US real estate is a micro-drama set to turn macro- Republic World

US real estate is a micro-drama set to turn macro- Republic World

Chicago’s Taste of America | Image:Pininterest

Hot properties. The Great Fire of London started in a bakery. Thomas Farriner, the establishment’s hapless owner, said later that he thought he had extinguished the flames. Hours later, the inferno was snaking through the city at a terrifying pace. More than three centuries on, something similar is happening in U.S. commercial property as discrete plumes of smoke threaten to turn into a conflagration. Investors will get burned, but the damage can still be contained.

A few lenders are already getting singed. Last week, a listed real estate fund managed by KKR cut its dividend after recording a loss on a Philadelphia office loan. Mid-sized lender New York Community Bancorp earlier took a large charge against loans secured by properties, and its shares collapsed. The flames have also licked their way across the ocean: Shares in Japan’s Aozora Bank and Germany’s Deutsche Pfandbriefbank plunged after forecasting losses on U.S. real estate lending.

The underlying cause of these problems is the rapid rise in interest rates over the past two years, which pushes down the value of property by making future rental income relatively less appealing. The trouble started with office property, which underpins around a quarter of all U.S. commercial real estate mortgages according to Morgan Stanley. It has the extra problem of workforces only partly returning to their desks, leading tenants to downsize and constraining landlords’ ability to crank up rents.

But what started in offices is now spreading to so-called multi-family properties such as apartment buildings. There’s no shortage of demand overall: families still need somewhere to live. Even so, the combination of higher rates and the difficulty in getting tenants to pay more can create problems. NYCB’s setback stemmed partly from New York apartments affected by government curbs on raising rents. Some cities in the southern “sunbelt” have aggressively built new supply.

The bigger challenge is that the wave of mortgages coming due could turn a micro problem into a macro one. Borrowers are due to repay $929 billion of U.S. commercial real estate loans this year, and $573 billion the year after, according to the Mortgage Bankers Association. Of this year’s haul, almost one-third appears to be loans due last year where borrowers have renegotiated or delayed repayment. And one-third of the total amount coming due is backed by multi-family properties.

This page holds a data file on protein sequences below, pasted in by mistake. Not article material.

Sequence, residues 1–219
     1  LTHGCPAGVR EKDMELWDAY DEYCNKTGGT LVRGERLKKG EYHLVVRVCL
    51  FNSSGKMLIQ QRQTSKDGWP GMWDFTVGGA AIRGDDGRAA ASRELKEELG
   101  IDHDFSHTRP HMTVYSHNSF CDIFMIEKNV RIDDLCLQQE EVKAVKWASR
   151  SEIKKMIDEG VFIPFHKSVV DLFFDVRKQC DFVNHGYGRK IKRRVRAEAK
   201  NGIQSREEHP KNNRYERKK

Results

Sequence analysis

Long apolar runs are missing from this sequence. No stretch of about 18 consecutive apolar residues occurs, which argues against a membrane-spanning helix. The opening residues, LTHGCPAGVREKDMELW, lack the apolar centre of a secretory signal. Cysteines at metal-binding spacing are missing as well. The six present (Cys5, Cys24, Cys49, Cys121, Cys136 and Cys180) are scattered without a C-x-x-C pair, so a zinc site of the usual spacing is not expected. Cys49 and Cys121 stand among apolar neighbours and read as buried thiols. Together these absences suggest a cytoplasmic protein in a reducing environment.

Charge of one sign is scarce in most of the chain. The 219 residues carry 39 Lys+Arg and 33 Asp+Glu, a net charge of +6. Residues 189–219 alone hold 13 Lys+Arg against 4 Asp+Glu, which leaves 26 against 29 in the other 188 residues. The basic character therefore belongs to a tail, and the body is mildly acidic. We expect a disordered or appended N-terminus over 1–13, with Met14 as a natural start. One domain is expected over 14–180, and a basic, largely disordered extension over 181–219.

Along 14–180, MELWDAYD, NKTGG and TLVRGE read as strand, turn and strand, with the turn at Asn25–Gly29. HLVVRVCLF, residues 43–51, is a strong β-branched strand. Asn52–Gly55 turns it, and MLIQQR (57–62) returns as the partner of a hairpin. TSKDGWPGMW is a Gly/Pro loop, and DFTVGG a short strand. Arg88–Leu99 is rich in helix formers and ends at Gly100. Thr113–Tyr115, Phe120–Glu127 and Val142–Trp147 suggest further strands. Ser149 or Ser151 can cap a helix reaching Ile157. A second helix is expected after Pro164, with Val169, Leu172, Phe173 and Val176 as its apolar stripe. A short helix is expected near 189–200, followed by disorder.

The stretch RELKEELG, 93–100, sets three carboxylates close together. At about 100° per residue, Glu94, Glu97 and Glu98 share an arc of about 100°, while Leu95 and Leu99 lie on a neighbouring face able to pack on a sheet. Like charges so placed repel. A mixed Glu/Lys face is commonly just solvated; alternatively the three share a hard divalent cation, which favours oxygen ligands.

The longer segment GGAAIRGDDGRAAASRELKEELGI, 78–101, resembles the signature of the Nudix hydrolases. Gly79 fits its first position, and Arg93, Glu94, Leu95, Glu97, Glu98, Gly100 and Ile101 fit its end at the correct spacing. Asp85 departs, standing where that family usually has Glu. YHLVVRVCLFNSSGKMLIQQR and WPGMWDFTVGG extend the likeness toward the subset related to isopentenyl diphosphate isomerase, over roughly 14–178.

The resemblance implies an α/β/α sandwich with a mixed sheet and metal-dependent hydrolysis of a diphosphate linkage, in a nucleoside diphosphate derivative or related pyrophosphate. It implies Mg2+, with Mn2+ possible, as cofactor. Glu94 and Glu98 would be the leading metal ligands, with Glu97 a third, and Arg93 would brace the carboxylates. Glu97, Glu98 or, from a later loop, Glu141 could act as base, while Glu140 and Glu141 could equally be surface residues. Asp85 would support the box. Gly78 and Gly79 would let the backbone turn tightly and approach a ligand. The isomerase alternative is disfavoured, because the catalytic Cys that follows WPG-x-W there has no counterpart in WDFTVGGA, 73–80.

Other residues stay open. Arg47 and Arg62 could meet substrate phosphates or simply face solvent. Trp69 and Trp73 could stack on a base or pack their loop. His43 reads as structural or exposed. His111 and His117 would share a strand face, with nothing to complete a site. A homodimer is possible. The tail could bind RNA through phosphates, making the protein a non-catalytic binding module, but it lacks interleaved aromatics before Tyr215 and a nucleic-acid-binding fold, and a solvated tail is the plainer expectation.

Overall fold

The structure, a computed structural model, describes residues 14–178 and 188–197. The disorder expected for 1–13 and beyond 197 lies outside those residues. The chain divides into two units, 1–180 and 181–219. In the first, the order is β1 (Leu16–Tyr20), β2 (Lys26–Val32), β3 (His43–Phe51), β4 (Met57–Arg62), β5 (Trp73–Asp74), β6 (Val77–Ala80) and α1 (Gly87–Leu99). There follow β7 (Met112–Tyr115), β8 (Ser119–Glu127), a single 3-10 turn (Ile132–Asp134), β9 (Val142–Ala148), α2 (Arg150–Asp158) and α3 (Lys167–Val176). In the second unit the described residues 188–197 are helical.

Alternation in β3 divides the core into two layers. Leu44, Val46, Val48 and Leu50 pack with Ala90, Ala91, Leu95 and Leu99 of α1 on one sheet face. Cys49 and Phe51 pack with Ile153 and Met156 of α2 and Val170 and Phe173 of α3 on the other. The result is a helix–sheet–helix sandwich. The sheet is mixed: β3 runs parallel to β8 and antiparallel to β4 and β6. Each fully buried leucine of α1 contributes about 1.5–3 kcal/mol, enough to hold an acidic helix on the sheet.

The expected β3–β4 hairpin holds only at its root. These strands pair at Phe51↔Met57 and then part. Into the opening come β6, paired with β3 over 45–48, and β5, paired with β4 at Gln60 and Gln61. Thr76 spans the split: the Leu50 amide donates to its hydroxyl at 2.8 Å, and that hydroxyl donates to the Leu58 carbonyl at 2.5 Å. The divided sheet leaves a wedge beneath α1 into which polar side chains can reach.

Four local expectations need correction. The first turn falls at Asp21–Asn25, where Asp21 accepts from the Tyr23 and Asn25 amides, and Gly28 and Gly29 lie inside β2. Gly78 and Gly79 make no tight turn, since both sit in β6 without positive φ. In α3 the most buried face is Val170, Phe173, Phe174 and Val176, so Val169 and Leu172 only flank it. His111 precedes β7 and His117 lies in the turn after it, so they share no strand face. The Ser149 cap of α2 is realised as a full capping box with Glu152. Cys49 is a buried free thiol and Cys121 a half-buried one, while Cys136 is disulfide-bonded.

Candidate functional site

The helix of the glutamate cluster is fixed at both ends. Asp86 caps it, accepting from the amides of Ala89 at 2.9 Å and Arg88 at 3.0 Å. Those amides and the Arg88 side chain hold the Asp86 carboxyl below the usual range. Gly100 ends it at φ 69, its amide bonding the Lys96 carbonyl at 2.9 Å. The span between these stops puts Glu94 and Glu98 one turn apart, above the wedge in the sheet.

The math is not encouraging. Consider the owner of a $100 million office building who borrowed 60% of its value three years ago, only to see its price slump by half. The borrower owes $60 million but might only be able to raise half that sum in a new loan secured by the same property. Fitch Ratings estimates around half of loans parceled up into U.S. commercial mortgage-backed securities could be unable to refinance.

Locating the problem is tricky, but in broad terms small U.S. banks are the worry. Non-residential real estate makes up around one-third of loans at American banks with balance sheets smaller than $100 billion, but only 8% at institutions above that threshold, based on quarterly regulatory reports. For those smaller banks, non-residential commercial property loans are equivalent to roughly twice the lenders’ Tier One equity, the shock-absorbing part of a bank’s balance sheet. For the biggest institutions, the same exposures are less than 50% of their capital. Unsurprisingly, banks are dramatically reining in new commercial-property lending.